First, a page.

He has authored more than 760 peer-reviewed manuscripts, reviews, book chapters, and editorials. He is a senior editor of the 13th and 14th editions of Hurst’s The Heart, one of the leading textbooks of cardiovascular medicine. He has served as a member and the chair of the US Food and Drug Administration Cardiovascular and Renal Drugs Advisory Committee.
Harrington is a member of the American Heart Association’s (AHA) Board of Directors. He served as AHA president-elect, president and immediate past president during 2019–2021. He is an elected member of the Association of American Physicians, the Association of University Cardiologists, and the National Academy of Medicine/Institute of Medicine. In 2016, he was named a Master of the American College of Cardiology. He was awarded the AHA’s Clinical Research Prize in 2017 and AHA Council on Clinical Cardiology (CLCD) Distinguished Achievement Award in 2022. In 2022, he was awarded the Stokes Medal from the Irish Cardiac Society.
Harrington received his BA in English at the College of the Holy Cross in Worcester, Massachusetts. He attended Dartmouth Medical School and received his MD from Tufts University School of Medicine in Boston. He did his internship and residency and served as the chief resident in internal medicine at the University of Massachusetts Medical Center in Worcester. He trained in cardiology, interventional cardiology, and clinical research (Duke Databank for Cardiovascular Disease) at Duke University Medical Center in Durham, North Carolina, where he was a faculty member from 1993–2012 before joining the Stanford University faculty in 2012.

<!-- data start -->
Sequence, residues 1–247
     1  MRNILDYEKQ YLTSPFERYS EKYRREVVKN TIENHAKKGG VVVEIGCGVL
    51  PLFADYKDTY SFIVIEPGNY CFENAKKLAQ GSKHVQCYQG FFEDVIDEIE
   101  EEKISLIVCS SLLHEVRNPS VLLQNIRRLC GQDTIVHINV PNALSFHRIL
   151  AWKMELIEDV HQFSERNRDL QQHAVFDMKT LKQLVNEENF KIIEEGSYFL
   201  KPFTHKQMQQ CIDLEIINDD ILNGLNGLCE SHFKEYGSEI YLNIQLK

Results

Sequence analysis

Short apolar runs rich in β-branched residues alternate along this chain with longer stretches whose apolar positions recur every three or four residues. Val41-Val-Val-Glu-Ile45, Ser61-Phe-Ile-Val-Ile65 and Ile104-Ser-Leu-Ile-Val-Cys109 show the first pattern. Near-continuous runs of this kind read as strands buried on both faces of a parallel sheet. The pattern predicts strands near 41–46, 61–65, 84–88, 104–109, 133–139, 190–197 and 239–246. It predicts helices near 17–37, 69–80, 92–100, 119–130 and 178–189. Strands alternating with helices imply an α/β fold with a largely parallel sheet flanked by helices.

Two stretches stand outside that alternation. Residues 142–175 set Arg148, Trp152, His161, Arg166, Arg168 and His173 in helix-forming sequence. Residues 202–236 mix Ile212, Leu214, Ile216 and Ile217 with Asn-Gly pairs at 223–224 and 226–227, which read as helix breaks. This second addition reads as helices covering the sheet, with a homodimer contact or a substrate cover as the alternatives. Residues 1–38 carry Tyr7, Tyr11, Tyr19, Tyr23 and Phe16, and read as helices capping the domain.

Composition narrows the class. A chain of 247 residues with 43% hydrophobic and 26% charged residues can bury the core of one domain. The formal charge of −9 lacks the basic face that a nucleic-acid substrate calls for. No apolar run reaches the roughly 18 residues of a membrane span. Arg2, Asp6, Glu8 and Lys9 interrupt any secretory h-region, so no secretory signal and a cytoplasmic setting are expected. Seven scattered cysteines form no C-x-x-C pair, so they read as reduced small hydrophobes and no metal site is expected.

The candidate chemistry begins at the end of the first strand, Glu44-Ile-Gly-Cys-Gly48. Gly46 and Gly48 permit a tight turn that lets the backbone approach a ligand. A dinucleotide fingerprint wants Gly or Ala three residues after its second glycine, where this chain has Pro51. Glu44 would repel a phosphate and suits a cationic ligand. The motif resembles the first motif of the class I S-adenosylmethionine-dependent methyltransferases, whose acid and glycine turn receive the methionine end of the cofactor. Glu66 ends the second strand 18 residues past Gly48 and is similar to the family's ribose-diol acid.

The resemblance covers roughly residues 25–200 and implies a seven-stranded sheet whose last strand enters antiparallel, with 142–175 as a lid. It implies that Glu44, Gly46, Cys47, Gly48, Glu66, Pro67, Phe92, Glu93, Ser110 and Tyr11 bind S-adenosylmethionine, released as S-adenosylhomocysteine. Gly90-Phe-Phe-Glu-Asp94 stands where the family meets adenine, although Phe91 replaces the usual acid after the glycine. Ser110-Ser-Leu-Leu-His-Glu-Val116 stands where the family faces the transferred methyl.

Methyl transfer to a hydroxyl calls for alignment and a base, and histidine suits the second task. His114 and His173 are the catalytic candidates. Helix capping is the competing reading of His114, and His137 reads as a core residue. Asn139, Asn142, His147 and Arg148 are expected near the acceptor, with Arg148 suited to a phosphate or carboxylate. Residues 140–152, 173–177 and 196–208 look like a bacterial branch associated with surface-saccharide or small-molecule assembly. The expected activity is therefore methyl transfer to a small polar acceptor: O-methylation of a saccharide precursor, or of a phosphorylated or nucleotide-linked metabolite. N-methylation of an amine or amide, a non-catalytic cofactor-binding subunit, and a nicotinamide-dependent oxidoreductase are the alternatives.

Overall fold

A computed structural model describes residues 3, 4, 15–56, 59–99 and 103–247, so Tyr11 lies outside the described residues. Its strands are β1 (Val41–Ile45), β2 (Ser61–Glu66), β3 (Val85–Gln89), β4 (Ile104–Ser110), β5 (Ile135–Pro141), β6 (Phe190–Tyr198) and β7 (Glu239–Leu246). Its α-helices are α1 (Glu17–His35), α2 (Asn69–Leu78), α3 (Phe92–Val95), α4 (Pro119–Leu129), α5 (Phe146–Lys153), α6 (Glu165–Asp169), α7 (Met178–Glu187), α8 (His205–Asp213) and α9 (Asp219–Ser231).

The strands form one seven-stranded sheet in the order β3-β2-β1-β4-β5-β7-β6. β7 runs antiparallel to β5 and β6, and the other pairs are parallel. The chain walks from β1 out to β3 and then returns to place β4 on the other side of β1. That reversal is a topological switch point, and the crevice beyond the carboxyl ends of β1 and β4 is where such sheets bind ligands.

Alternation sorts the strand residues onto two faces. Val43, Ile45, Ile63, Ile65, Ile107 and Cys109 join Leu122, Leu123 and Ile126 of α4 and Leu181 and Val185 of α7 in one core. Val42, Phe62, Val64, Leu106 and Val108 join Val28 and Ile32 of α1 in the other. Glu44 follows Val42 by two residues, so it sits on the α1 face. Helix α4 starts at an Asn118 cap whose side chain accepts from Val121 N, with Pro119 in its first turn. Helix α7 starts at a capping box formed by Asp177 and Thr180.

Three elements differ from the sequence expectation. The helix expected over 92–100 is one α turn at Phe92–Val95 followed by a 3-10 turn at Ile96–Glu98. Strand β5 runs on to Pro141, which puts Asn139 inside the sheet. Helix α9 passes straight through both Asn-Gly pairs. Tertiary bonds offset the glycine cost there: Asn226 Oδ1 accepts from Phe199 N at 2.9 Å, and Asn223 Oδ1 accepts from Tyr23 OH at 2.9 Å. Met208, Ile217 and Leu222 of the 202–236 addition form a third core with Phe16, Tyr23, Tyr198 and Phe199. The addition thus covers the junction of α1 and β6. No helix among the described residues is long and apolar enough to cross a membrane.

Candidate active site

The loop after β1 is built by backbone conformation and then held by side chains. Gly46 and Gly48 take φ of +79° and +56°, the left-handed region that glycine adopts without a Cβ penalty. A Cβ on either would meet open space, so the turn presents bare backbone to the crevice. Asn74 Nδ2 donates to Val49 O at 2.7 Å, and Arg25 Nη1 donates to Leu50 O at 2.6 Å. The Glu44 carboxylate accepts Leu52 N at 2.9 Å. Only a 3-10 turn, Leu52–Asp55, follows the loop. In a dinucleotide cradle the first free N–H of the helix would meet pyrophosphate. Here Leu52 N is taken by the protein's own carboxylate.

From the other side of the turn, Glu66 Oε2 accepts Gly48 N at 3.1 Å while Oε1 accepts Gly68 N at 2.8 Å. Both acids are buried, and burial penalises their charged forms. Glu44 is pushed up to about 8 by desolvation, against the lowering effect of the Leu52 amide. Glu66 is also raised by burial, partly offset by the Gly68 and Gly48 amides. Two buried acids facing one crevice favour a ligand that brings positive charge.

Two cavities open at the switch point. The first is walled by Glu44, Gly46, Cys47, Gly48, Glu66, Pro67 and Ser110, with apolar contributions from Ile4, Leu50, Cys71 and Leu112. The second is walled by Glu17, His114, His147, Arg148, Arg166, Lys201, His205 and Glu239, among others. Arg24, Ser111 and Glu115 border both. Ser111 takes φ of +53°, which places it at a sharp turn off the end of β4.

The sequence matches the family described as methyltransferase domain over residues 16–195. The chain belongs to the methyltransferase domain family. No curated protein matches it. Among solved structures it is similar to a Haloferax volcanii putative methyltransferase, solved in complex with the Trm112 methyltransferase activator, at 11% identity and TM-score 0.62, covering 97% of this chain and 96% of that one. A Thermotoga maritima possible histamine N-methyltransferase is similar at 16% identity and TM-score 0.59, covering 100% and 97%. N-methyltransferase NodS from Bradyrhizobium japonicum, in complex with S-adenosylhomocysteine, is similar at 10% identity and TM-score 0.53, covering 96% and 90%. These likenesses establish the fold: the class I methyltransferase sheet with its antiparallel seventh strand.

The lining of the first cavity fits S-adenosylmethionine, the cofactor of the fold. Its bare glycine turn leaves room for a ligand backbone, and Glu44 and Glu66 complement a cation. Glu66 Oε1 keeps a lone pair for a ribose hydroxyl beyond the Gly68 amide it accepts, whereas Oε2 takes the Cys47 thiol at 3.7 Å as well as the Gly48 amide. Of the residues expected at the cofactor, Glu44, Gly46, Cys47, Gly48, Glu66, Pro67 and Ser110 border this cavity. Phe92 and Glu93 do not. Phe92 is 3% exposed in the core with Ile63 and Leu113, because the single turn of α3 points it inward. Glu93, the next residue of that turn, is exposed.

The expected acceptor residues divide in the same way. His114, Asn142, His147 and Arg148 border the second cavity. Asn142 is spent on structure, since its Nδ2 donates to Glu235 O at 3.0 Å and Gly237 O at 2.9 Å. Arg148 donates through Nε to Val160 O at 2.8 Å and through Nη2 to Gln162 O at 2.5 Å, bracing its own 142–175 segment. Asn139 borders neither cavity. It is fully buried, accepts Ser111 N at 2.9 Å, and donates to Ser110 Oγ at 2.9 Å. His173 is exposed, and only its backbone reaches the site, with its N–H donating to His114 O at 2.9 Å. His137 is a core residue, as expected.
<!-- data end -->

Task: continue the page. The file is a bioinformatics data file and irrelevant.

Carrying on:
Interested in innovative learning tools, Harrington can be followed on Twitter @HeartBobH and on a monthly podcast on theheart.org.
E. John Harris Jr.
Professor of Surgery (Vascular), Emeritus
Current Research and Scholarly InterestsI am interested in thrombosis and the role of thrombin and its receptor in venous wall remodeling following venous thrombosis. I am also interested in vascular hemodynamics and the use of ultrasound, MRI and computational modeling in evaluating arterial flow in exercise conditions.
Professor (Research) of Medicine, Emeritus
Current Research and Scholarly InterestsMy major research interests and activities over the next several years will focus on the development and evaluation of the objective measurement of physical activity in free-living populations using a variety of sensing devices and mobile phones for data collection and processing. Also, I will continue to direct the Stanford Heart Network with the major mission being to assist community-based CVD prevention/treatment programs implement more effective heart attack and stroke prevention programs.
Paul Heidenreich, MD
Professor of Medicine (Cardiovascular)
Current Research and Scholarly InterestsMy research interests include
1) The cost-effectiveness of new cardiovascular technologies.
Example: tests to screen asymptomatic patients for left ventricular systolic dysfunction.
2) Interventions to improve the quality of care of patients with heart disease. Examples: include clinical reminders and home monitoring.
3) Outcomes research using existing clinical and administrative datasets.
4) Use of echocardiography to predict prognosis (e.g. diastolic dysfunction).